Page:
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Worldwide, more than half a million deaths result from stomach cancer, which is much more common in Asia and Latin America than in the United States. Stomach cancer (also called gastric cancer) can develop in any part of the stomach. It begins in the inner lining and can spread throughout the stomach, penetrate the wall and progress to the adjacent lymph nodes. The cause is unknown but has been associated with dietary factors, Helicobacter pylori infection, smoking and alcohol consumption. Current research on the molecular genetics of stomach cancer points toward prevention and early detection of the disease.
Ronan Kelley, M.D.
Susannah Yovino, M.D.
Unlike in Japan, where the incidence of stomach cancer is high and aggressive screening for the disease is undertaken, diagnosis of early gastric cancer in the United States remains uncommon. Nonspecific symptoms such as vague abdominal pain, indigestion or black stools (from bleeding) often are attributed to peptic ulcer disease or other more common problems, and the diagnosis of stomach cancer often is delayed.
Diagnosis is made by biopsy using flexible fiberoptic endoscopy, in which a light tube is introduced through the mouth, esophagus, stomach and first part of the small intestines. Suspicious areas are sampled by biopsy and examined under the microscope by the pathologist. Anyone in whom stomach cancer is suspected should undergo this examination. Upper gastrointestinal series is another test occasionally used to diagnose stomach cancer. Further imaging can determine the extent and stage of the cancer before surgery. Helical CT scan is used to see whether advanced or metastatic disease is present. Experts use endoscopic ultrasound, which determines the depth of penetration of the tumor and whether local lymph nodes are enlarged. Such valuable information can aid the surgeon in planning the best therapeutic approach.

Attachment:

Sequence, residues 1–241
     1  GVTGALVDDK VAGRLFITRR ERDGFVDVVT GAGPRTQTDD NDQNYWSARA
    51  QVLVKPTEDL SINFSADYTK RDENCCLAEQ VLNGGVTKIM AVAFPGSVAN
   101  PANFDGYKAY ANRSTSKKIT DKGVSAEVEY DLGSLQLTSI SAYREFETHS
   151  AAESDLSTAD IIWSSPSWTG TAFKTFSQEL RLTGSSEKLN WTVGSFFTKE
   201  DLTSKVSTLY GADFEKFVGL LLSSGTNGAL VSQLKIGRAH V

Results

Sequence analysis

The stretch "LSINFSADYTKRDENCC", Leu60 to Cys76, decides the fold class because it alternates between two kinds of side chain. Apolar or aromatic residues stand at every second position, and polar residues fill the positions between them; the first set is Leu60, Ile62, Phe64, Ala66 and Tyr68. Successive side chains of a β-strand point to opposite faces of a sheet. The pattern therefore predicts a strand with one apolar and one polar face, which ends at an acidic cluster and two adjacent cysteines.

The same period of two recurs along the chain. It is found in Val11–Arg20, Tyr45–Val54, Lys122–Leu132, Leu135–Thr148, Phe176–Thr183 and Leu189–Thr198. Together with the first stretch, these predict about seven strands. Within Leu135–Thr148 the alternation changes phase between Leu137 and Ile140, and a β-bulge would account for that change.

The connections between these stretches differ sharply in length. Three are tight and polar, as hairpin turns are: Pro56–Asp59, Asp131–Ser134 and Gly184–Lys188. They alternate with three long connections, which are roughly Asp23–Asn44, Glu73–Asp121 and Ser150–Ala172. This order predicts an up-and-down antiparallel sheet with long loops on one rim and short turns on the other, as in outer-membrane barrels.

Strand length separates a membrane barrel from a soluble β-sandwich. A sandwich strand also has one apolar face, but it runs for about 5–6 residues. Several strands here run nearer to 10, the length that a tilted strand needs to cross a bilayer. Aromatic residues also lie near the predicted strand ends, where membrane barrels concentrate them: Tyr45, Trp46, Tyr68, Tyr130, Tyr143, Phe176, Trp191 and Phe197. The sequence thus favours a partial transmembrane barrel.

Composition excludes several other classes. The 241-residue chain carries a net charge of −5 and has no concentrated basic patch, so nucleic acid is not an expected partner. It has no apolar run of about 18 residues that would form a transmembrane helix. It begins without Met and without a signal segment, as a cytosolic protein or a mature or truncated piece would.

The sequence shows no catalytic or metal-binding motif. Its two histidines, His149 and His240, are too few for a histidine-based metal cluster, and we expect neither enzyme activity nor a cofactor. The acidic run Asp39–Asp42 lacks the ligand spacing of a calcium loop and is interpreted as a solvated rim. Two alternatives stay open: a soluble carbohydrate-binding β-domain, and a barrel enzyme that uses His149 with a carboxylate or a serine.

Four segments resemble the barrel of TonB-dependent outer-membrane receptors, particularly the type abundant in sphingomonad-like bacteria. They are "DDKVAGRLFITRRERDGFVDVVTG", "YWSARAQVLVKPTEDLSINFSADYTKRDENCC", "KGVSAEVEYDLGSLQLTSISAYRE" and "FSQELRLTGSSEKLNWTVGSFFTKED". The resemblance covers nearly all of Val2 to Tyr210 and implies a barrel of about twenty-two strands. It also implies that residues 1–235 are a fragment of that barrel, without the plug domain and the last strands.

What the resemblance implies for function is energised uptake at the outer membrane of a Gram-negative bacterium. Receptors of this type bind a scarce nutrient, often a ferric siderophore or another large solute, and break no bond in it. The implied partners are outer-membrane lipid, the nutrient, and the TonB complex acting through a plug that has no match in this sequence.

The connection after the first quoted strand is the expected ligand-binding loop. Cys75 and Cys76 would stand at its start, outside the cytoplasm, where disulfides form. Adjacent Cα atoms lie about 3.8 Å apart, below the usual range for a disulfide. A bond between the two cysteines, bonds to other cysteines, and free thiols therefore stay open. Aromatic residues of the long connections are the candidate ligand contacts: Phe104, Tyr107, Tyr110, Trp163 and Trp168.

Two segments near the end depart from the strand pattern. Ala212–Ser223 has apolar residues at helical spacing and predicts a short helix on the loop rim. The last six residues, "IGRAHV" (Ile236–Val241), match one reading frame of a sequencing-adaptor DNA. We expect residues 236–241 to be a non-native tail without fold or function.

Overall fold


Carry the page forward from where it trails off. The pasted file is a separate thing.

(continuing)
Surgery is the mainstay of curative therapy for stomach cancer. If preoperative studies demonstrate the disease is confined to one area, an operation is recommended. Typically, surgery involves removing most of, and occasionally all of, the stomach to achieve safe removal of all cancer. An extended lymphadenectomy (removal of a wide area of lymph nodes in the area of the cancer) may increase the potential for cure. Such radical operations are being performed in selected patients by the surgeons at Johns Hopkins.
Chemotherapy and radiation therapy also are used to treat stomach cancer. Currently, the cancer center is participating in a national study using radiation and chemotherapy after surgery for stomach cancer.
Our physicians are participating in large national study groups to examine new drugs for the treatment of early-stage disease after successful surgical resection. For advanced stomach cancer, our doctors are investigating novel drug therapies as well as new biological therapies -- a form of treatment that helps the body's immune system attack and destroy cancer cells.